Hotlines & Helpful Resources

You may be nervous about calling a crisis line, but know that hotline volunteers want you to feel heard and supported.

What you can expect when contacting a crisis line by phone or text: Depending on your method of contact, there is usually a short wait time to be connected to a volunteer or counselor, ranging from 30 seconds to 10 minutes on average, depending on their call volume. Try not to be discouraged — someone will get to you as soon as they can. This does not mean that your call is not important. We want to hear from you.

Common MYTHS associated with contacting a hotline/crisis line:

Myth #1: I must be experiencing thoughts of suicide to reach out to a crisis line.
The trained counselors at the Crisis Text Line and National Suicide Prevention Lifeline & other hotlines are available 24/7 for anyone who is experiencing any crisis, such as sexual abuse, domestic violence, LGBTQ issues, bereavement, self-harm, suicidal thoughts, or mental illness-related concerns. Although what is considered a ‘crisis’ is defined loosely to encourage anyone in need to reach out for help, callers and texters should recognize that crisis lines are neither short- nor long-term substitutes for therapy, emergency care, or professional health care.

Myth #2: If I mention that I’m suicidal, they’ll send the police to my location.
The Crisis Text Line engages in an “active rescue” (i.e., emergency services) in less than 1% of crises. The goal of the Crisis Text Line is to de-escalate the situation and work with the texter to identify the best options for seeking help locally. Emergency services are only alerted when there is imminent risk of harm to the texter and when the texter is unable or unwilling to create a safety plan (for example, unable or unwilling to separate themselves from their means for suicide or self-harm). Similarly, the National Suicide Prevention Lifeline’s website emphasizes that its crisis counselors strive to empower the caller and help them problem-solve to identify the best course of action, meaning emergency services are only involved in situations where the caller is in immediate danger.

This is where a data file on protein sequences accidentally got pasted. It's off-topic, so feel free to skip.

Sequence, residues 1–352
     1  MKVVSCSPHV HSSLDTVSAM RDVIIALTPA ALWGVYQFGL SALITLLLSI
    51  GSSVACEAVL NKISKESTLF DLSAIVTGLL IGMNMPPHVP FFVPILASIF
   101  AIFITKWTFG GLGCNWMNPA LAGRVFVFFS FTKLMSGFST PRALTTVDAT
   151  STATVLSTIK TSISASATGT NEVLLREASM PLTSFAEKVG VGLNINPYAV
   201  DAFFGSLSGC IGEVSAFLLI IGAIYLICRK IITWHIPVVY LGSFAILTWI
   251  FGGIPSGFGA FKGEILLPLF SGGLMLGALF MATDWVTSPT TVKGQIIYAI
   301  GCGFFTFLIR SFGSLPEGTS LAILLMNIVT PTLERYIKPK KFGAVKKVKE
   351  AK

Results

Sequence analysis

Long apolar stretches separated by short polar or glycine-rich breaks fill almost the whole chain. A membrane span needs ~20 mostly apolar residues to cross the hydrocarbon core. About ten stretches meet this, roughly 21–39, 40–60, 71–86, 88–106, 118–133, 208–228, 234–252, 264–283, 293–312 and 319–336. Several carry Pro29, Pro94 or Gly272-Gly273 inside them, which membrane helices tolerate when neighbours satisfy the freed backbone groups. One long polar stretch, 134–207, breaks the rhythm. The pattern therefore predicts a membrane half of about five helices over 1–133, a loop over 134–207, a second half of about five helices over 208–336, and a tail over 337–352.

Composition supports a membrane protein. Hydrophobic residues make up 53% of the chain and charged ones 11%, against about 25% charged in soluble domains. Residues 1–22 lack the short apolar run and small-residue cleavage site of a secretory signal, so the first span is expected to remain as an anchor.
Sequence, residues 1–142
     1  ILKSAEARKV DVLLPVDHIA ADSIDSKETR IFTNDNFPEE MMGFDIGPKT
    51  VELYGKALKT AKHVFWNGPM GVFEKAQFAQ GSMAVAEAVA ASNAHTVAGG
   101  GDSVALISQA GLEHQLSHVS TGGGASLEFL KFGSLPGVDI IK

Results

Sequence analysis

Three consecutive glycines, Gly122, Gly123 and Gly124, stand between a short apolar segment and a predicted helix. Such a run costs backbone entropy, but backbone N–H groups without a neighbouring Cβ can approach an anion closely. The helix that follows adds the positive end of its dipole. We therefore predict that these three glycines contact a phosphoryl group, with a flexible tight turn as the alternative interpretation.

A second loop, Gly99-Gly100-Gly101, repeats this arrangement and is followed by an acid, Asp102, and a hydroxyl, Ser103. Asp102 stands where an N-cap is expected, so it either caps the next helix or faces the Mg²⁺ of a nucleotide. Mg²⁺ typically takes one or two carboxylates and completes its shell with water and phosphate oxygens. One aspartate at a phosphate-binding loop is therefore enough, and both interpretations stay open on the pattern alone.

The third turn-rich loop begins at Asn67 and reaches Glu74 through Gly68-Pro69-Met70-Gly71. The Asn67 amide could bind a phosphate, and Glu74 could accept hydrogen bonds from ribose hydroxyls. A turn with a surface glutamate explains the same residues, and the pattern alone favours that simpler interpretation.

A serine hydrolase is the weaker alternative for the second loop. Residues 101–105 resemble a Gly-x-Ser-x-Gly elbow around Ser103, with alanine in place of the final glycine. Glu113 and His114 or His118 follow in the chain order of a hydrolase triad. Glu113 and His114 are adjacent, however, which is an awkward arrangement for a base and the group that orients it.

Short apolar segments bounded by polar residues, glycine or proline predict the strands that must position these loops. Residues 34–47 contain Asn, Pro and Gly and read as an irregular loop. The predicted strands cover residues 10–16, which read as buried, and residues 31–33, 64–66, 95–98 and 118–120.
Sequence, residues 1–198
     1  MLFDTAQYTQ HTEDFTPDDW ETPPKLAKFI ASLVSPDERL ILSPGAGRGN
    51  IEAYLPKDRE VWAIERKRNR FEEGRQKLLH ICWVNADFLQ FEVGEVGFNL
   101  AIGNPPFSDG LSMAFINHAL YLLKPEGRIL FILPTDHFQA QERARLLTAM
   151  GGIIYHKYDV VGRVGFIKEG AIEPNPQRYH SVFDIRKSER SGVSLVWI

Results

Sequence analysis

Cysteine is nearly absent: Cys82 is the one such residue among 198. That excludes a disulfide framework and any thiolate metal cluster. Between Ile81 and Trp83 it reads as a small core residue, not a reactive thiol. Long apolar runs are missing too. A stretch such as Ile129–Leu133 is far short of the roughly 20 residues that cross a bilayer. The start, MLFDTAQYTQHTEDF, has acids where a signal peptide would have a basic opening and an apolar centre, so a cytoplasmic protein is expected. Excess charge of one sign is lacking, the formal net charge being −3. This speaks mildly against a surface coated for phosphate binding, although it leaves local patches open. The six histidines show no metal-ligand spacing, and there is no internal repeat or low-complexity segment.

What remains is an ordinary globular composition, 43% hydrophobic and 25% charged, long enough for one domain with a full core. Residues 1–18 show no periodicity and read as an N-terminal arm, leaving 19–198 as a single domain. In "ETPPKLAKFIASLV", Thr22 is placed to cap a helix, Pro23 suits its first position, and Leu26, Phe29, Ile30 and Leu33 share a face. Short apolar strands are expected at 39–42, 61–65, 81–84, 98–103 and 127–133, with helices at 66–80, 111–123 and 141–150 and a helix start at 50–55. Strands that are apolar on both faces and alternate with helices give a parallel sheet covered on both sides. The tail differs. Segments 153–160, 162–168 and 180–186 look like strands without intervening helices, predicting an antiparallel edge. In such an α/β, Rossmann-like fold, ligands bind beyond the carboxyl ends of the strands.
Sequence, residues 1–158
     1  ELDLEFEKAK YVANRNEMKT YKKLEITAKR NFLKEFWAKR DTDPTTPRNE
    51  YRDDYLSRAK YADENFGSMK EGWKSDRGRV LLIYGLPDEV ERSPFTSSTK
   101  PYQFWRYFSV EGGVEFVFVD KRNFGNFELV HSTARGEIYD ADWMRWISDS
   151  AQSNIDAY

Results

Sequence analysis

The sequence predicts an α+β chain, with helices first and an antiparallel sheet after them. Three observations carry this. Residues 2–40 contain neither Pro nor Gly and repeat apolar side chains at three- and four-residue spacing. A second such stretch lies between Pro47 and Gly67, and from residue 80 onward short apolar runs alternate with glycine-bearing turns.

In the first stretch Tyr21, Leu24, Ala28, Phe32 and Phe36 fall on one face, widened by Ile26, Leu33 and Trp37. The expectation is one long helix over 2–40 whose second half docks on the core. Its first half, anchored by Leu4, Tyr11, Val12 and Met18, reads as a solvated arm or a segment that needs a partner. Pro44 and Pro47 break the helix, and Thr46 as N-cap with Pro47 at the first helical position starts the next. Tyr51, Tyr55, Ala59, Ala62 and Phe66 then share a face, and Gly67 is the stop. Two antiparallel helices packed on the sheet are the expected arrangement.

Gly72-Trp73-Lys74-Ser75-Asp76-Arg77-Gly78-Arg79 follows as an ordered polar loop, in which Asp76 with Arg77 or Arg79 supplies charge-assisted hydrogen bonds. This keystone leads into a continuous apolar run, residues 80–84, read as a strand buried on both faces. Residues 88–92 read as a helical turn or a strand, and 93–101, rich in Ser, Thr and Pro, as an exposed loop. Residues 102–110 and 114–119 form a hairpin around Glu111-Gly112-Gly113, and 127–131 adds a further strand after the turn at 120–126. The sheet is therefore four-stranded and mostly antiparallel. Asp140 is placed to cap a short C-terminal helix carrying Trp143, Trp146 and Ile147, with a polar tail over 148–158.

Myth #3: Since crisis lines have the potential to send emergency services to my location, my call/text is not confidential.
Anonymity is of utmost important to the Crisis Text/Call Hotlines. When you call or text a crisis line, your location and phone number are encrypted or otherwise anonymized, making it impossible for them to trace you. In some situations, counselors at these crisis lines may ask you to provide personally identifiable information (your name and home address) to better assist you, but you are under no obligation to share this information over text or on the phone.